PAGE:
On Tuesday in Bardstown, Heaven Hill will fill its 7 millionth barrel of Kentucky straight bourbon whiskey. The milestone comes as the distillery, which is owned by the Shapira family, marks its 80th year in business.
The company, which is well known today for its Evan Williams bourbon, almost didn't live to see the amazing renaissance that American whiskey is undergoing. But thanks to the determination of the Shapiras the company is riding a wave of success on several fronts.
Max Shapira, president of Heaven Hill Brands, said that his family didn't mean to get into distilling but in the 1930s, when it became clear that Prohibition would be repealed, people around Bardstown saw opportunity.
"Companies had been out of business for 17-18 years," Shapira said. There was no whiskey, all the brands were long forgotten and that void drew people to get back in the business, he said.
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The Shapiras, Lithuanian Jewish immigrants who ran several five and dime stores around state, were approached about investing. This was no sure thing: the economy was terrible, there was no distillery, no brand, no inventory, no warehouses or distribution network, and it might be four years before they had anything to sell.
But the five Shapira brothers and their parents, Max Sr. and Annie, put $17,500 into Old Heavenhill Springs distillery.
"That was a lot of money in 1935," Shapira said. His father, Ed, who ran the Bardstown store, was put in charge.
"Friday, Dec. 13, 1935, was the first time we barreled whiskey," he said. But soon their partners ran into financial troubles and sold out to the Shapiras for another $17,500.
In 1937, the company released a 2-year-old bourbon called Bourbon Falls. "I don't know if anybody was really bragging or was too happy about it," Max Shapira said. "But it got some revenue coming in."
Two years later, they brought out "a bottled in bond 100-proof Kentucky bourbon whiskey under the name Old Heaven Hill Bottled in Bond 100-proof whiskey and that became very quickly the number 1 selling bourbon in Kentucky," Shapira said.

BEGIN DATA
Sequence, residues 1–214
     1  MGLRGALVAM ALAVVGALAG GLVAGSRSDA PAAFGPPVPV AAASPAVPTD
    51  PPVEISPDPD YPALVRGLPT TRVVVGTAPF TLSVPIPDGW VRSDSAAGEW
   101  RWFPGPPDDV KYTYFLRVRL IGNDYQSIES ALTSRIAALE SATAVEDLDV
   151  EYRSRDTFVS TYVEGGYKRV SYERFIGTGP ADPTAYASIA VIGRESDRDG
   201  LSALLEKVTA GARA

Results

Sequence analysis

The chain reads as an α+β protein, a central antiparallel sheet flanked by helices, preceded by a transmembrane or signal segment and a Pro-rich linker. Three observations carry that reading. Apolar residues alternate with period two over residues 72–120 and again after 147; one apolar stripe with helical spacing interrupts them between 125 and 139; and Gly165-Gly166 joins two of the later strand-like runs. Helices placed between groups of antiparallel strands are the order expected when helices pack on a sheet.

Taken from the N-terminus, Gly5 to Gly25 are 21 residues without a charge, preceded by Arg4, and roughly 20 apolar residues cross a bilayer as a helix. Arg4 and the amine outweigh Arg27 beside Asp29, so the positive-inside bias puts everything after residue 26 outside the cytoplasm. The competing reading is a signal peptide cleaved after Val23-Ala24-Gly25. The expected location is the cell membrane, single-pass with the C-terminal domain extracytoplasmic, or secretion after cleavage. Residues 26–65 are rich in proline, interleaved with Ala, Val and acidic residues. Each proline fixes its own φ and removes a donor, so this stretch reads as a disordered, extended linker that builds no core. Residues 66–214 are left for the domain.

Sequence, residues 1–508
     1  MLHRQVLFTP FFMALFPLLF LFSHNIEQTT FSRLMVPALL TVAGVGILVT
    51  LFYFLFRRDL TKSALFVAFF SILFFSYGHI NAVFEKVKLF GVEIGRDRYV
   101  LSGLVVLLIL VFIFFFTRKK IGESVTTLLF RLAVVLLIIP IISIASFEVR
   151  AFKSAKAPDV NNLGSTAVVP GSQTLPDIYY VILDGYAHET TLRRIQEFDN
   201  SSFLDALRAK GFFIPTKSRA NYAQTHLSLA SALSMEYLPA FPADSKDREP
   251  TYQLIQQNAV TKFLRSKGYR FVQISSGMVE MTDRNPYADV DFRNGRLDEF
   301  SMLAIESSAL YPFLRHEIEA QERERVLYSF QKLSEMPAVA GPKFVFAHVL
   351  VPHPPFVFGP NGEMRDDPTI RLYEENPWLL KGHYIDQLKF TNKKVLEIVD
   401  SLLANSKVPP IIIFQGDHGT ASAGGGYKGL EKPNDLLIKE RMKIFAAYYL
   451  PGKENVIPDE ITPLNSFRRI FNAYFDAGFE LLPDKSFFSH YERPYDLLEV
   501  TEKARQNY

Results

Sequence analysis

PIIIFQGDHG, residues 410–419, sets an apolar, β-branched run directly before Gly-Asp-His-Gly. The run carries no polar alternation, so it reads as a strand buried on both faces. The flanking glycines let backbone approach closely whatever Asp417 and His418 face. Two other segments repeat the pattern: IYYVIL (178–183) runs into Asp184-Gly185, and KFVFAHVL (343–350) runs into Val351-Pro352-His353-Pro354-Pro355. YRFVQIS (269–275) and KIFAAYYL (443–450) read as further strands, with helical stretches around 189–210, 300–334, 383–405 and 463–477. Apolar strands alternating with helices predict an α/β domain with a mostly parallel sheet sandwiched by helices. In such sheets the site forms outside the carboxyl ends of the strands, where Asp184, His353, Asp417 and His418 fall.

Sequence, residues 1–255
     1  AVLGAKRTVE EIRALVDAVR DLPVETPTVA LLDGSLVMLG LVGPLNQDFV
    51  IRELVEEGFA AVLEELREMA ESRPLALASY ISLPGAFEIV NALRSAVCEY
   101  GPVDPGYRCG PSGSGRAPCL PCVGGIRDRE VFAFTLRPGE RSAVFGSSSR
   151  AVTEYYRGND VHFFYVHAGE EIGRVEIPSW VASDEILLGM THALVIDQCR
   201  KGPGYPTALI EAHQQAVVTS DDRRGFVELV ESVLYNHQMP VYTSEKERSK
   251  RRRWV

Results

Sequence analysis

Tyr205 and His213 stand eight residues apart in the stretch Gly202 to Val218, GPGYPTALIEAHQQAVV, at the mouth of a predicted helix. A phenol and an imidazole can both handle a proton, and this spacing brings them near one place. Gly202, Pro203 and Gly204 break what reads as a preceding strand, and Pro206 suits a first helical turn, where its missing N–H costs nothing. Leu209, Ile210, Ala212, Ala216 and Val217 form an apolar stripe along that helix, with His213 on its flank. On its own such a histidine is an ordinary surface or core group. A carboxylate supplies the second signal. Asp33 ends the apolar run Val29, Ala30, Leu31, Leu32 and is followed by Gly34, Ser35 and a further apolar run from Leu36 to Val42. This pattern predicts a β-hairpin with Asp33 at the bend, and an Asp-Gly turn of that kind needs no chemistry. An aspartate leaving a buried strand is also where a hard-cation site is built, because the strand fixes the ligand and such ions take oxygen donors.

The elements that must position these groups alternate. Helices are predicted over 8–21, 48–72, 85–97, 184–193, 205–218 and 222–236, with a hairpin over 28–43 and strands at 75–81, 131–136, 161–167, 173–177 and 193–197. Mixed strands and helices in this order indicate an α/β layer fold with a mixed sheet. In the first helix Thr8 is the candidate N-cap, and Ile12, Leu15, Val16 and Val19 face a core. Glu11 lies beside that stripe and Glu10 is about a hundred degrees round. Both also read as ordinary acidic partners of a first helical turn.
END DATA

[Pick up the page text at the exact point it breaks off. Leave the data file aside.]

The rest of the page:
But you might not notice it in stores outside Kentucky because today Heaven Hill is much more well-known for Evan Williams, which is the second or third best-selling American whiskey behind Jack Daniel's Tennessee Whiskey and Jim Beam.
But Evan Williams almost didn't happen either, Shapira said.
One of the company managers read that Evan Williams had been the first commercial distiller in Louisville and thought that it would make a great name for a whiskey. Heaven Hill agreed and trademarked the name in the early 1960s, Shapira said.
"They started planning for the brand," he said. "And decided there would be a special bottle, that was to be 'revolutionary in its presence' ... and the best thing I can say about it was it was total flop."
Heaven Hill decided to discontinue the label but a few customers asked them to keep it going. So they dropped the fancy label and used a standard bottle, and gradually the Evan Williams brand began to gain traction in the 1970s and 1980s, he said.
About that time the company decided to look beyond bourbon, which was still in a deep slump. Heaven Hill began acquiring brands and quietly building a portfolio that stretched across every major category.
First came Burnett's Gin from Seagram, then they launched Burnett's Vodka, said Kate Latts, vice president of marketing for Heaven Hill and Max Shapira's daughter. Then Christian Brothers Brandy, Admiral Nelson's Spiced Rum, Hpnotiq Liqueur, and many more.
Now Heaven Hill is the largest family owned and operated spirits supplier in the U.S. It's the sixth biggest overall in the U.S. and has the second-biggest selling spiced rum, the third-biggest selling domestic brandy, and the fourth-biggest selling domestic vodka, according to the company.
Latts said they've been careful to analyze trends in the industry and stay on point, in part because they are still family owned and therefore nimble.
For instance, they have released 36 flavors for Burnett's Vodka, but were strategic in what they launched, Latts said.
"We launched citrus, orange and raspberry ... then we launched vanilla," she said. "It was doing great. Then sour apple and coconut ... and it just kept going. ... We would launch one flavor after another, each selling out faster than the one before. It was skyrocketing."
Their biggest selling flavors are cherry, citrus and pink lemonade, she said.
And now they have begun tinkering with new flavors for whiskey too, to add to the Evan Williams Honey, along with cinnamon and cherry variations.
Where does she think it will go next?
"Two bets: Peach, because it's a traditional southern flavor and pairs nicely with the sweetness of bourbon, and there is some thinking that maybe apple could be another emerging concept," Latts said.
Has she ever been wrong about the next big thing?
Yes, Latts said. "Cachaça," she said. "It's Brazilian rum ... I thought this was going to be the next big thing."
Instead, the next big thing is likely to be bourbon again, which is now the fastest growing category of American spirits, said Max Shapira.
Although Heaven Hill has been rebranded as Heaven Hill Brands to reflect its diversification, the company's portfolio is ripe with premium whiskies like Parker's Heritage, Larceny and Elijah Craig.
What will become of the 7 millionth barrel filled on Tuesday?
"I'm not sure what it will be," Shapira said. "It may be special bottling. I don't know if we'll wait six, eight or 10 years. Can't hurry that along. ... Regardless of what we do with the whiskey, it will be a very special day."